The interface shear peak friction angle between GMT under different nail type distribution densities and GT with different weight specifications can be seen in Table 5 . The distribution density of nail types is shown in Figure 1. The left side of Figure 1 shows a larger distribution density with an average roughness height of 0.65mm, recorded as GMT-1. The right side of Figure 1 shows a smaller distribution density with an average roughness height of 0.70mm, recorded as GMT-1. GMT-2.
Table 5 Interface shear friction angle between GMT under different nail type distribution
densities and GT with different weight specifications
It can be found from Table 5 and Figure 1 that although the roughness height of GMT-1 of 0.65mm is lower than that of GMT-2 of 0.70mm, its peak friction angle is higher than the data of GMT-2. Therefore, a reasonable nail density distribution can make up for this. The friction angle is low due to insufficient roughness height. In the test of two types of rough geomembranes, the 100g geotextile showed a high friction angle and was easily damaged, which once again confirmed the conclusion drawn in Table 4.
Through a series of comparative tests with direct shear methods, the following conclusions are reached:
- The GMS/GT interface shear appears as pure friction between materials, and the interface cohesion is weak. When the normal load increases, the peak phenomenon gradually becomes obvious. The shear displacement is small, and the peak strength can be reached at 2mm. After the peak, it can quickly reach a relatively stable strength under large displacement.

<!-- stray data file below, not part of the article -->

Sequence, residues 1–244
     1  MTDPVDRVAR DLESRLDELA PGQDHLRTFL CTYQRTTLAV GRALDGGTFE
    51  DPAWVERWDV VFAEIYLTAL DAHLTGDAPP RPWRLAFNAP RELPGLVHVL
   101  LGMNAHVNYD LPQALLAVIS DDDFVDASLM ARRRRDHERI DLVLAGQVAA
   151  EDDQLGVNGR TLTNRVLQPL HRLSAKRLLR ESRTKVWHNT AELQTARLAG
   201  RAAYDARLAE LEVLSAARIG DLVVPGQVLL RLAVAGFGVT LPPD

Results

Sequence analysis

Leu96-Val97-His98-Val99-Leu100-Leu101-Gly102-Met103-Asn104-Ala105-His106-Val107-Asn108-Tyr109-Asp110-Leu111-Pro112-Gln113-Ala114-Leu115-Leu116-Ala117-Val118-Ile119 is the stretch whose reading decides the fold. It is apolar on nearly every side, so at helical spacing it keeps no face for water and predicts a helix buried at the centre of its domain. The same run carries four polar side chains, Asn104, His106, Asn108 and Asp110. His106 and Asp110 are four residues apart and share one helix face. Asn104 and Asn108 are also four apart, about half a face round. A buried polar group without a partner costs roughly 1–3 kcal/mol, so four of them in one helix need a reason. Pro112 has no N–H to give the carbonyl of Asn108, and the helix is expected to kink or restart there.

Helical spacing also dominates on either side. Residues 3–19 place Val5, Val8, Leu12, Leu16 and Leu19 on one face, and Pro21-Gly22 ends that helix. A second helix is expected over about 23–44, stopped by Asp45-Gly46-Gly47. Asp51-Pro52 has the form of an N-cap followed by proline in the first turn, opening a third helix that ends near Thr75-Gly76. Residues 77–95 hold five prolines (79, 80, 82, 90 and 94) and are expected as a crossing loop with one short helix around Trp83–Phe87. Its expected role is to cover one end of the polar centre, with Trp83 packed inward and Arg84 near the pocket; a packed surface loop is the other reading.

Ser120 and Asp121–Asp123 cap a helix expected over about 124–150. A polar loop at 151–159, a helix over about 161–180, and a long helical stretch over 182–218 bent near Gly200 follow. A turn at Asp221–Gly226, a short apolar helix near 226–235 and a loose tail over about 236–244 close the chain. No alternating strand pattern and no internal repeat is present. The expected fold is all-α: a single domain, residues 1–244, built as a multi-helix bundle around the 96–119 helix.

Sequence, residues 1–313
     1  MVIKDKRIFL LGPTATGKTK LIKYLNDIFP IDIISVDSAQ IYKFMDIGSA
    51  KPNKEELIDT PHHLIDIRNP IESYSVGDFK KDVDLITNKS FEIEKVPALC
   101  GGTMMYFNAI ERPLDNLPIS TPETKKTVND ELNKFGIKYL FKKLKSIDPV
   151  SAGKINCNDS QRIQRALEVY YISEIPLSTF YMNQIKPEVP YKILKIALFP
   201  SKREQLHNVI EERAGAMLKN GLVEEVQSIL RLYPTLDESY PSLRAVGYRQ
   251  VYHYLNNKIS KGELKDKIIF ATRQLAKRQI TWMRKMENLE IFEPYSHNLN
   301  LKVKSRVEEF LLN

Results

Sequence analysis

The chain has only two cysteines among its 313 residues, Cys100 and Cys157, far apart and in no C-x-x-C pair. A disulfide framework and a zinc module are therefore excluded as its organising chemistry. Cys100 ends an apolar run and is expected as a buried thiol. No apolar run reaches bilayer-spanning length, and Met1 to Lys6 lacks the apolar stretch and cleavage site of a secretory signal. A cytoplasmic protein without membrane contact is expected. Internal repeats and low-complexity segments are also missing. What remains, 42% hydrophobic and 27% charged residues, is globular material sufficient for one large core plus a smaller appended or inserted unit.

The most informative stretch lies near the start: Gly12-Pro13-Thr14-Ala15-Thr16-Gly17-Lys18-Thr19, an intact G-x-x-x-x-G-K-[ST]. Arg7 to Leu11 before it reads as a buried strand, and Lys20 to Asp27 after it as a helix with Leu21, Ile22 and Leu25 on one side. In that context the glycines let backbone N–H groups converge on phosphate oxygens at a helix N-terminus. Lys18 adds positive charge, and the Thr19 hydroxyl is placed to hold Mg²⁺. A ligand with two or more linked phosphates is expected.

- The rough surface protrusions of GMT can be embedded inside the geotextile fiber under the action of stress load, and the pull-out effect can significantly enhance the interface shear strength. Compared with GMS, the pull-out effect also increases the horizontal displacement of the interface peak, achieving a stable Large displacement intensity is relatively slower.
- The pull-out effect is the main factor responsible for the high shear strength of the GMT/GT interface. In addition, it is also affected by the height of the rough surface of the geomembrane itself, the distribution density of the rough surface ridges, the molding process, the material properties and the fiber length of the geotextile. Influence.
- The friction angle data of the 100g geotextile is relatively high. However, due to the low mechanical properties of the geotextile of this specification and the light and thin cloth surface, it is easy to cause serious damage to the cloth surface. In the application of slope engineering, it is easy to cause the risk of instability, so caution is required. Selection and design.